Artists and art experts who believe and elevate art as mediation are aware of this double encroachement and refuse to give in. For them, artwork and art-making is a tool for debate, criticism and challenge for the construction of effective public opinion. They initiate non-profit organizations, artist collectives and civil NGOs. In a moment, I will try to illustrate this with particular examples.
Within the almost unfinished historical and restless present context, artists and art experts have been trying to de-construct and re-construct the official and private histories, to include everyday life narration into art, to produce artworks for the anxious audience, and to release art from the modernist academic criteria as much as possible. The art works are multi-topic, materializing out of the pot of unfulfilled modernist utopia and the new post-modernist heterodoxies.
The political and social content of art and the methods borrowed from social and anthropological research as well as communication sciences have enriched the artist’s portfolio of infiltrating to the interest zone of the public. The bottlenecks of democratisation processes in the region aggravate the public to turn to alternative ways of declamation.
The art works are attractive in the sense that they are born out of a violent rupture from tradition, out of pursuit of democracy as well as out of many anti-democratic political systems, out of paternalist state capitalisms or brazen neoliberal economies.
This is not to deny that, with the pre-eminence of globalization in the 1990s, many artists of these remote and unregistered art scenes began to attracted attention. After the Wall (not the new Wall in Palestine but the old Wall of Berlin), the famous motto united differences of EU cultural policy-makers forced the curators and art experts to consider the reality of the Other, and to include the non-EU artists into their exhibition programs, which in turn instigated a productive boom in the art scenes in the east of EU. The global West has again discovered its own reflection in the challenging, provocative, or even aggressive works of these artists.
Nowadays, the so called intercultural exhibitions and art market strategies co-determine the global social function (or the role) of art. The exhibitions (biennale and other kinds of global exhibitions) stand here as the only possible global medium of mediation for a whole complex of mediating activities. This system with all its new and refined strategies and statements sifted the dust of modernist polarisation and pursued a reconciliation ground for mutual understanding between the artists of different territories and cultures. This kind of prosaic expressions of numerous curators since the late 1980s was based on the apparently idealistic principles of globalisation.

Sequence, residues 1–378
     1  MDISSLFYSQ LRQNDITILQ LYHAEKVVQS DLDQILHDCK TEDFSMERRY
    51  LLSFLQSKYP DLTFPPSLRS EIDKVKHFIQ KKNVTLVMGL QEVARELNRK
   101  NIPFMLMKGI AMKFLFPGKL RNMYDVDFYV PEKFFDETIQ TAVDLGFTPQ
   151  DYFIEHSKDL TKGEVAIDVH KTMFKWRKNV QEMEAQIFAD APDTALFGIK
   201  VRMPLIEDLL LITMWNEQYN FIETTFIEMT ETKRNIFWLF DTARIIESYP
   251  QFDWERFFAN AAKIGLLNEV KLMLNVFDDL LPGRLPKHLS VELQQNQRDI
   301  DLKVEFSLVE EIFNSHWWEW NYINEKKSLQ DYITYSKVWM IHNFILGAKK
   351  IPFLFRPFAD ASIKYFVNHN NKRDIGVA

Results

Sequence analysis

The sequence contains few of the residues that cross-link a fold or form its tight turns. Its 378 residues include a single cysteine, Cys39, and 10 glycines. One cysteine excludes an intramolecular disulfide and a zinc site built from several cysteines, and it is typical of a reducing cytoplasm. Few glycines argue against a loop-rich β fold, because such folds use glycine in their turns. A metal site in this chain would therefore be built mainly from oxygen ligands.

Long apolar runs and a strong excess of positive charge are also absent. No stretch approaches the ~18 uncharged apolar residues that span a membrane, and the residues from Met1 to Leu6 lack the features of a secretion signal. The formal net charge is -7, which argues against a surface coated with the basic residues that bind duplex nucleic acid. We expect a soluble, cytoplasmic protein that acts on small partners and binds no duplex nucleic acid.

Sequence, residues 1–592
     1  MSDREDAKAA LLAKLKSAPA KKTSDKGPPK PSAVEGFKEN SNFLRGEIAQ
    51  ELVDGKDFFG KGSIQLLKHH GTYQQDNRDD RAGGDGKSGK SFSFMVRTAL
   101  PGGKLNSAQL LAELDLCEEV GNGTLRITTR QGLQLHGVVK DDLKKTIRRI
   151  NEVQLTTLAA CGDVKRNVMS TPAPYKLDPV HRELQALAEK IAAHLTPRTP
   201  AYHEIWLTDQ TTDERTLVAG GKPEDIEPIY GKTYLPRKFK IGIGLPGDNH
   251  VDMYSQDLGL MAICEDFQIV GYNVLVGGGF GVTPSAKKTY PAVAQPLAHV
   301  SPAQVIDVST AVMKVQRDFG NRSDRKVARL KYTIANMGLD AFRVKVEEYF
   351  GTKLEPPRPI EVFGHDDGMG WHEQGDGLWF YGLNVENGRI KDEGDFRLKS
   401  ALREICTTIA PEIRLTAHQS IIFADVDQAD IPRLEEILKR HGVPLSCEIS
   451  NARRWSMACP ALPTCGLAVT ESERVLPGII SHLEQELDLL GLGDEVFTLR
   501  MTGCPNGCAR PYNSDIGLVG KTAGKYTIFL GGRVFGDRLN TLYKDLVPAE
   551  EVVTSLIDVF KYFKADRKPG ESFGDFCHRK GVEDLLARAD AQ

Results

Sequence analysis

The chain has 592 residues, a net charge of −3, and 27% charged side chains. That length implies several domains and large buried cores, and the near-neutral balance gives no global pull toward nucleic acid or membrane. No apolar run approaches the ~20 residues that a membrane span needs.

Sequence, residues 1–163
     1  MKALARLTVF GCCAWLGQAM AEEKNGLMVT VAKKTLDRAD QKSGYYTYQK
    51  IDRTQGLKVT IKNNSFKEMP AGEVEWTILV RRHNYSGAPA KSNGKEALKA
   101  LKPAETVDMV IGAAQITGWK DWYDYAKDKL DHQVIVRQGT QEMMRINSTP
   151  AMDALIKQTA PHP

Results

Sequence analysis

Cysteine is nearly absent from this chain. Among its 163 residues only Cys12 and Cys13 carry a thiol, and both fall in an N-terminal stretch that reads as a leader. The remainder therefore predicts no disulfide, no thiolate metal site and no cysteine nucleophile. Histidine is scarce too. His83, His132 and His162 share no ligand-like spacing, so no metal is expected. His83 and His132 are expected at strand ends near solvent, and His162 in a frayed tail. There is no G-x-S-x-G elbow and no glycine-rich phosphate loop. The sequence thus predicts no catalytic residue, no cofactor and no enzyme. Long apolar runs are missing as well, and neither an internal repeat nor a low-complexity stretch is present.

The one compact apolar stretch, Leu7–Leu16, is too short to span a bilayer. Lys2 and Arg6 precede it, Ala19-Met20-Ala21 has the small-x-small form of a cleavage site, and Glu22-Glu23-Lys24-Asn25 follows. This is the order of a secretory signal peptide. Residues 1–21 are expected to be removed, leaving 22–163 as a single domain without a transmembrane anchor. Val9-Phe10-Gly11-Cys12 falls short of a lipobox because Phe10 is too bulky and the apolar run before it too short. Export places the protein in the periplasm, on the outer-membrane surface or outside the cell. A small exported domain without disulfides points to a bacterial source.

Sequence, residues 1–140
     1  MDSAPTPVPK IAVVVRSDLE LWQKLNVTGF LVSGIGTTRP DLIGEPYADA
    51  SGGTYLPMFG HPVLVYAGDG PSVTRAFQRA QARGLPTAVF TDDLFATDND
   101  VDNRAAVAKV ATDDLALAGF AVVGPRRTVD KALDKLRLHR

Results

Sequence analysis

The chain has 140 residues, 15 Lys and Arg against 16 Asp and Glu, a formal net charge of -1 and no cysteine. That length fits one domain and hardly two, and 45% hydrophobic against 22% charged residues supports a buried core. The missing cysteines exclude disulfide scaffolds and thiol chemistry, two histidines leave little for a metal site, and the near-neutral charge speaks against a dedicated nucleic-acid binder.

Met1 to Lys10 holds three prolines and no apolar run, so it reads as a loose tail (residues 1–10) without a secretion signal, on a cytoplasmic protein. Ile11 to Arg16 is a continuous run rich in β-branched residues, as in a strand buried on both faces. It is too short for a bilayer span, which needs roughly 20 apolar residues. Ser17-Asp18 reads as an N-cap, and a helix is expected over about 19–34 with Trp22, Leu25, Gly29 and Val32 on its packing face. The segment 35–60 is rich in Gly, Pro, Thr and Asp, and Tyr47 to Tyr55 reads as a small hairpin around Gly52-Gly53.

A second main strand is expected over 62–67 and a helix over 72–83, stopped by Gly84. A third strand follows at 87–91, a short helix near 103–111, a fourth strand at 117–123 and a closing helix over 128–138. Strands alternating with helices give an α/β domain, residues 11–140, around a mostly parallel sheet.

However, the rosy expectations of the artists of the non-EU (or post-peripheral) countries of the region began to wane as they circulated in and out of the biennials, multi-cultural exhibitions, workshops, seminars, and forums. The process is still going on, but with strategic changes in defining the position of the de-territorialized artist. At the beginning the pregnant concepts such as the other, the emigrant, and Diaspora were popular and promising and the modernist borders seemed to melt away.
But, gradually, it was understood that the tender hand of the Western curator which was extended to these artists was not sufficient to transform the prevailing systems of the Post-Soviet countries and the nation-states of the Middle East. It was understood that the transformations should come from below, from within the local art scenes themselves with a practice of reciprocity and mediation between the historical, geographical and cultural neighbours.
In a series of examples I would like to show you what is being done within these parameters.
Beral Madra, April 2007